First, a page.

"We could take no one else with us," Laurence said, "at least, not consenting; and there would be something curious in abducting an aviator to make him a captain: the fellow could not help but be doubted, afterwards."
"Well, to be perfectly honest I think it just as well not to take any of them," Temeraire said. "I do not think much of the lot: they were all quite unpleasant, on the ship, and they will think they have a right to the eggs, even though they had nothing to do with making them, and I have been taking care of them all this while. They have nothing to recommend them, any more than Rankin does: I don't suppose the hatchling will want any of them."
"We are in too much disgrace, my dear, to expect to see any of them display to advantage," Laurence said, "but Lieutenant Forthing at least is held a good officer, Granby tells me, and fought with courage at the battle of Shoeburyness."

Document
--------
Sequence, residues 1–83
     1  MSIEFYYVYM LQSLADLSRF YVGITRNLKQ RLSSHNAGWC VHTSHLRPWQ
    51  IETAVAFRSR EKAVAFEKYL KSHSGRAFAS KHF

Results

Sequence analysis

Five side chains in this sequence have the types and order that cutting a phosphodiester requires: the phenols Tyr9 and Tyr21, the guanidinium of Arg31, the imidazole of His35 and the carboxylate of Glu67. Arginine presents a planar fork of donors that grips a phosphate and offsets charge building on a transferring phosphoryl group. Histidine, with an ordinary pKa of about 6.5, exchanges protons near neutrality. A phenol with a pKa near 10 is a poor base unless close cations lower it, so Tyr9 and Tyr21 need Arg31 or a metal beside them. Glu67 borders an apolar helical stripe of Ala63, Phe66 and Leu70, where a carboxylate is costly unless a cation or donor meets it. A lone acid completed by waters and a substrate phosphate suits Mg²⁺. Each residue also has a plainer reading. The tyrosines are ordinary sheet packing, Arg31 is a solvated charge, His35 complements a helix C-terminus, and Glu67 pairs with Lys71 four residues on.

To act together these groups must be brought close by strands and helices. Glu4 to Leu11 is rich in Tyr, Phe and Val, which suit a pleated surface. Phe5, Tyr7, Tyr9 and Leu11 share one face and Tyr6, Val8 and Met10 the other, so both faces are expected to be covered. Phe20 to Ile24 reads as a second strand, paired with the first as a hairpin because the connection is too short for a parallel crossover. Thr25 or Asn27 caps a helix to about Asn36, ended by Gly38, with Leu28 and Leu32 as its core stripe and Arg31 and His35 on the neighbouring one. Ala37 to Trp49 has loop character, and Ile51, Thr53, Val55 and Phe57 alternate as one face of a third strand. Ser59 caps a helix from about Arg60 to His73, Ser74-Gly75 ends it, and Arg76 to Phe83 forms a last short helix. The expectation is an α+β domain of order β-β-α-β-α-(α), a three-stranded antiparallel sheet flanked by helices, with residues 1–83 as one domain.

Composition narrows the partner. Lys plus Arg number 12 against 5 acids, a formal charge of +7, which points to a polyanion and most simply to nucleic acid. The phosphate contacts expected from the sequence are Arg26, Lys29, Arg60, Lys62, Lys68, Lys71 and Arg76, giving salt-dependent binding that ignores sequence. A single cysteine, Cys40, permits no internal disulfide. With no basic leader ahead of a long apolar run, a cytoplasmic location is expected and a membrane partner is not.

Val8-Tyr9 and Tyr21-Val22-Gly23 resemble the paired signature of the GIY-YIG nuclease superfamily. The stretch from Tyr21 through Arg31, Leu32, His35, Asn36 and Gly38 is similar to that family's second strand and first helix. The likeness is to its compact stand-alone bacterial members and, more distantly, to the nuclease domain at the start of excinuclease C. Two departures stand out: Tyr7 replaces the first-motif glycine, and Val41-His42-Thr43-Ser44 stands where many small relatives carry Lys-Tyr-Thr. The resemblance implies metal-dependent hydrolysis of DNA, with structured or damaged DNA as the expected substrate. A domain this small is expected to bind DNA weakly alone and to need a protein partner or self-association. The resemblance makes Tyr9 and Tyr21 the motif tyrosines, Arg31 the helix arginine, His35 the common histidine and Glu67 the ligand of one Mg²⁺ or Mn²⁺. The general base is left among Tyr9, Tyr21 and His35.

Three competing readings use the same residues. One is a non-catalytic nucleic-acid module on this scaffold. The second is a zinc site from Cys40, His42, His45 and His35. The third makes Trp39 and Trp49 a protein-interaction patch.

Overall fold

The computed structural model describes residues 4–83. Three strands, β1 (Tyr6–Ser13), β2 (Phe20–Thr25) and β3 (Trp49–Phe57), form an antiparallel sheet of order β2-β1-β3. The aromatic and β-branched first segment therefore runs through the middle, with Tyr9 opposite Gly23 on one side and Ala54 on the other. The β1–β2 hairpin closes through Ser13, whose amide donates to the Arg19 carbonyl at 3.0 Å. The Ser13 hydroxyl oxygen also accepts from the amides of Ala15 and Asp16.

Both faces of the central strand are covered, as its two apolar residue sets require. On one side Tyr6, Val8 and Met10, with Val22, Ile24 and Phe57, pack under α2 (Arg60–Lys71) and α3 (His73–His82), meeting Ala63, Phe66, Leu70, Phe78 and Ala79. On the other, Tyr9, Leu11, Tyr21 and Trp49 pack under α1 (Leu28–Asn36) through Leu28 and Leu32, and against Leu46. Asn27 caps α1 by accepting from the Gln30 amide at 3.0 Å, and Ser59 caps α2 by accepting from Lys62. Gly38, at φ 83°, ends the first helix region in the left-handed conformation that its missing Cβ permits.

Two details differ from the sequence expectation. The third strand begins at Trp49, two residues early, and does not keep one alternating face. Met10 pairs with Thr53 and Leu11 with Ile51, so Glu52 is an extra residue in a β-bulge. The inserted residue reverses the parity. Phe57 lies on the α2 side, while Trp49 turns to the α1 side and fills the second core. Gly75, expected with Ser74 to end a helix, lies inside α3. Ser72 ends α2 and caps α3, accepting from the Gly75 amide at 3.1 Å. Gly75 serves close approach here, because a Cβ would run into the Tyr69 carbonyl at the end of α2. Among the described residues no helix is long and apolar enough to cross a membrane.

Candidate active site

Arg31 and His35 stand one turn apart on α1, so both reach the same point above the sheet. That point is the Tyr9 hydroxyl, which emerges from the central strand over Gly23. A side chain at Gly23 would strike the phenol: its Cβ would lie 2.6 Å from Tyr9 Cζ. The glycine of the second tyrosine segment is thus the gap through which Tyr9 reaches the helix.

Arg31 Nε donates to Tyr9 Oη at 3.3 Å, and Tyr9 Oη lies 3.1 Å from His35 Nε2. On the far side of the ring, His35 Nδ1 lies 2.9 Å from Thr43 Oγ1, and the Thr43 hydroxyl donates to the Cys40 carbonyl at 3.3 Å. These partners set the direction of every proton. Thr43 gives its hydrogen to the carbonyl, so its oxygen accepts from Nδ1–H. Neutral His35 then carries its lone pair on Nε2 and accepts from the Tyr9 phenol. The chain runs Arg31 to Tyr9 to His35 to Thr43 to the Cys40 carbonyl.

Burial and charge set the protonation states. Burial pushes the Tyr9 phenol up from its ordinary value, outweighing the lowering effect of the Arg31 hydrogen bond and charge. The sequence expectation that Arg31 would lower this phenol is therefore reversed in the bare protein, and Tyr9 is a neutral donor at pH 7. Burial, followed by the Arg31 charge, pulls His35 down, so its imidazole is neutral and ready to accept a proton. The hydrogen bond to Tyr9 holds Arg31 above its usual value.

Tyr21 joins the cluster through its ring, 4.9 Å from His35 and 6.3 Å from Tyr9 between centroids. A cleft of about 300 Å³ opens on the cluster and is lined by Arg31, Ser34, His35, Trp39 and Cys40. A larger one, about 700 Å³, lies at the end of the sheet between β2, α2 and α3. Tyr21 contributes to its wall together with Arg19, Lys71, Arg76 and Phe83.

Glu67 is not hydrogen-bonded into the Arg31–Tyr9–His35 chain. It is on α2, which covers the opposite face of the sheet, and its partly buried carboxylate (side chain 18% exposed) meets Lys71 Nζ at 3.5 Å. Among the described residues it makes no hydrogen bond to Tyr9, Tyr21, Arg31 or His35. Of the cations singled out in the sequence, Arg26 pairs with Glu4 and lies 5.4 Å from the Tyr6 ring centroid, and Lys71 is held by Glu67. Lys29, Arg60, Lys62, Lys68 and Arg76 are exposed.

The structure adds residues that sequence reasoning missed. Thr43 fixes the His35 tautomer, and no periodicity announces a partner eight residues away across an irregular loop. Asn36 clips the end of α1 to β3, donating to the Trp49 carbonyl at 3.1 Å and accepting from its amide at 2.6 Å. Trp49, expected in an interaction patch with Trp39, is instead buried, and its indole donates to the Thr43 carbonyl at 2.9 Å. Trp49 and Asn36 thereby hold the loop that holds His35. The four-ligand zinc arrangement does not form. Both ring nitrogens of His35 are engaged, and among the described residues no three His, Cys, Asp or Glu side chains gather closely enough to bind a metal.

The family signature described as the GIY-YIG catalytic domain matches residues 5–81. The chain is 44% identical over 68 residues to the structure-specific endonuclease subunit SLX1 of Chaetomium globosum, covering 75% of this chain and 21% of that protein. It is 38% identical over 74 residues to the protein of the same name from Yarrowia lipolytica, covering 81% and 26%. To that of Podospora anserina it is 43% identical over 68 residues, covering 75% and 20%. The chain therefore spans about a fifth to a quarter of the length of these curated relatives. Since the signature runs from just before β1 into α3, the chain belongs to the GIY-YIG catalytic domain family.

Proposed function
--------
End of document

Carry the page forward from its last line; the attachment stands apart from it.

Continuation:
"Oh, he is the worst of them!" Temeraire said, immediately censorious, though Laurence did not quite know what had provoked such a degree of heat, "and I don't care if we are in disgrace; that is no excuse for behaving like a scrub. Besides," Temeraire added, "he is wretchedly untidy: strings coming out of his coat, and his trousers patched; even Rankin does not look ragged."
"Rankin," Laurence said, "is the third son of an earl, and can afford to be nice in his clothing; I am afraid Mr. Forthing was a foundling in the dockyards at Dover, and taken on for creeping into the coverts as a child to sleep next to the dragons: he has no kin in the world."
"He might still brush his coat," Temeraire said, obstinately. "No: I should quite prefer no-one at all, to him; I am sure Arkady would be quite disgusted with me if I should allow it." He leaned over to look at the egg, and put out his thin forked tongue to touch the shell.
"I cannot quarrel with you on this point, if he has left the egg in your charge," Laurence said. "The judgment must be yours. In any case, it would be difficult to manage. We must also contrive some covering, for the egg; and - "
"Oh," Temeraire said, "oh, no, whatever are you doing?"
Laurence paused in confusion. "I beg your pardon?"